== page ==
Coal Rush Reverses, Power Firms Follow Plans for New Plants Stalled by Growing Opposition
By Steven Mufson Washington Post Staff Writer Tuesday, September 4, 2007; D01
In early August, Mayor John Engen (D) won city council support to buy electricity from a new coal-fired plant scheduled to begin operation in 2011. He said the city government would save money on its electric bills.
But three weeks later, Engen pulled out of the deal after receiving hundreds of e-mails and phone calls from constituents upset that Missoula would contribute to the creation of a coal plant and concerned about what the town would do if the plant never got built.
"Coal is a double-edged sword," Engen said. "I sort of felt both edges."
A year after the nation appeared to be in the middle of a coal rush, widening alarm about greenhouse gas emissions has slowed the efforts of electric companies to build coal-fired power plants from hills of eastern Montana to southern Florida.
Too late of course for five hundred mountains in West Virginia that have had their tops blown off, the trees, topsoil, underbrush and rocks spilled into lush valleys.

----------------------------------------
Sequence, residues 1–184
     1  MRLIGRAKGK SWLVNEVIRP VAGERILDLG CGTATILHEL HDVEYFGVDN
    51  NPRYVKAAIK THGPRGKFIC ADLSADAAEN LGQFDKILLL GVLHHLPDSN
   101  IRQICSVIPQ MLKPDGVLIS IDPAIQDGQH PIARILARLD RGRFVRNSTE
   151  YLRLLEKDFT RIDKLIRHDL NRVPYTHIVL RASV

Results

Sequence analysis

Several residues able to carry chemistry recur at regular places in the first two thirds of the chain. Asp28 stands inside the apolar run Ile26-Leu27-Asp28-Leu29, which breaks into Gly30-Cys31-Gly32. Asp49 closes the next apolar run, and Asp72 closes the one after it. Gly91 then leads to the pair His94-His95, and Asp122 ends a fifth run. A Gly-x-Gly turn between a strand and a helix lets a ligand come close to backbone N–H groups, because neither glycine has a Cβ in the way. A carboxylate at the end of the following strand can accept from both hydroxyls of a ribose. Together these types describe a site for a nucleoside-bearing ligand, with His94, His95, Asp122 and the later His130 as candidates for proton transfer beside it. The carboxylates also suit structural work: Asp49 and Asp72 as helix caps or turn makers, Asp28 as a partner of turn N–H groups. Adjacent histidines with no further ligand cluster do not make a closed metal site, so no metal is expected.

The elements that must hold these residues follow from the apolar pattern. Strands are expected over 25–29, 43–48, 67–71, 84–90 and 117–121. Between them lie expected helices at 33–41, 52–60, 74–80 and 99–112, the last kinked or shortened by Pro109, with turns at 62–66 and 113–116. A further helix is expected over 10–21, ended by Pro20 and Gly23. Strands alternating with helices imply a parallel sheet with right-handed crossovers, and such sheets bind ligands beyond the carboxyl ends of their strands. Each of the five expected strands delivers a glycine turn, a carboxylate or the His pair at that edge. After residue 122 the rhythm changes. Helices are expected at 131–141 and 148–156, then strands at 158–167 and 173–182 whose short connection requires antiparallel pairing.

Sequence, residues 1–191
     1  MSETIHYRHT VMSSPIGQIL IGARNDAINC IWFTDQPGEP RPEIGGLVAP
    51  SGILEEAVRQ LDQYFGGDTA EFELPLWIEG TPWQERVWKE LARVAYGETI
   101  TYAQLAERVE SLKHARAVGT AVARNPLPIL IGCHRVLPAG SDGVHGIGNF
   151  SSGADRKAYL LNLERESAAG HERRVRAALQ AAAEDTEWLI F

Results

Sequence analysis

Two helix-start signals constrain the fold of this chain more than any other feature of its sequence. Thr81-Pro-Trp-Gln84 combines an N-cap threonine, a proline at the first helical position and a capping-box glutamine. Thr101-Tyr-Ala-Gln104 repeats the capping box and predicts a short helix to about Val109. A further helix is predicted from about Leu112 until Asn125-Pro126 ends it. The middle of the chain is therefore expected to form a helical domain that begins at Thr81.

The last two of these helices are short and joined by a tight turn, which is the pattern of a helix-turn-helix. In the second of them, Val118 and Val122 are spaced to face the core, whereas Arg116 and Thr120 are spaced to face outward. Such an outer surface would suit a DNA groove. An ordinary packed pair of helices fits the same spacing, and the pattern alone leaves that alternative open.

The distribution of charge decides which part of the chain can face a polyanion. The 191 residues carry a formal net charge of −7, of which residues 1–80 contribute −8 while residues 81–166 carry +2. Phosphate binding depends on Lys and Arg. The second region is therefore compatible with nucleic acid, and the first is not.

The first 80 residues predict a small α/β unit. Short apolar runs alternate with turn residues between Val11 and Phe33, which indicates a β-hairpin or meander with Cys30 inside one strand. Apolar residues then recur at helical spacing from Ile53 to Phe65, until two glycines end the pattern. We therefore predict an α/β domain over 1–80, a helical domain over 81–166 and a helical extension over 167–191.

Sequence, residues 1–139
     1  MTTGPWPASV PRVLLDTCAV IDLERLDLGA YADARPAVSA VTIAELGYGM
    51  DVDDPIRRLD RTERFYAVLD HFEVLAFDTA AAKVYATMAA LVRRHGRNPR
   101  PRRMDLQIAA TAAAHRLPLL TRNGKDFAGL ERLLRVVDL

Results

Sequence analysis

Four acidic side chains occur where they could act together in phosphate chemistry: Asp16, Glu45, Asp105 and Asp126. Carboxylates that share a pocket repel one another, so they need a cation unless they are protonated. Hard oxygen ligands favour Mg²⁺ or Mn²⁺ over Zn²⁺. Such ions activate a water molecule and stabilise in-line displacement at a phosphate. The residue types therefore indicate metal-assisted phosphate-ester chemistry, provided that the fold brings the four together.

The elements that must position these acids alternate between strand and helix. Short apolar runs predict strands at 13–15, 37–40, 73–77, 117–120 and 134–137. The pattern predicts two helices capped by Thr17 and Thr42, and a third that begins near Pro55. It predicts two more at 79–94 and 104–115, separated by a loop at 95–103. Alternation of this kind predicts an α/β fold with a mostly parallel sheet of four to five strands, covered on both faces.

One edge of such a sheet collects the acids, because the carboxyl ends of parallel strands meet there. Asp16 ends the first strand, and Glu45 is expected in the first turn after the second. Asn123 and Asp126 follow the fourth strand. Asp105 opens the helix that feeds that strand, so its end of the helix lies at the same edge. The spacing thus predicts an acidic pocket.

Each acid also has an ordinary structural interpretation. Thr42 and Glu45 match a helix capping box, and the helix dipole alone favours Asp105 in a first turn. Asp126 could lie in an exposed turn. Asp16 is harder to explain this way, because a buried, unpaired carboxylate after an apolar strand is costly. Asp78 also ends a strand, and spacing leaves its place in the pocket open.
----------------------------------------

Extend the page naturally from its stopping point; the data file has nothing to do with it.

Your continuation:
Five hundred mountains.
From purple mountains majesty to amber waves of grain. The grain was planted by man, but the mountains are either a billions of years old geologic process or God-given, depending upon your point of view.
America, America, God shed his grace on thee. God shed that grace on all of us and we have allowed individuals--guys like Bob Murray--to take it, ball it up, squeeze the money out of it and throw it in the wastebasket.
West Virginia's wealth doesn't lie in the coal under its soil, it lies in the enormous and underdeveloped tourist industry that depends upon an unspoiled wilderness. That gold mine of tourism lies within 500 miles of 200 million people--to say nothing of Japan and Europe.
500 mountaintops of it are already gone--one for every mile.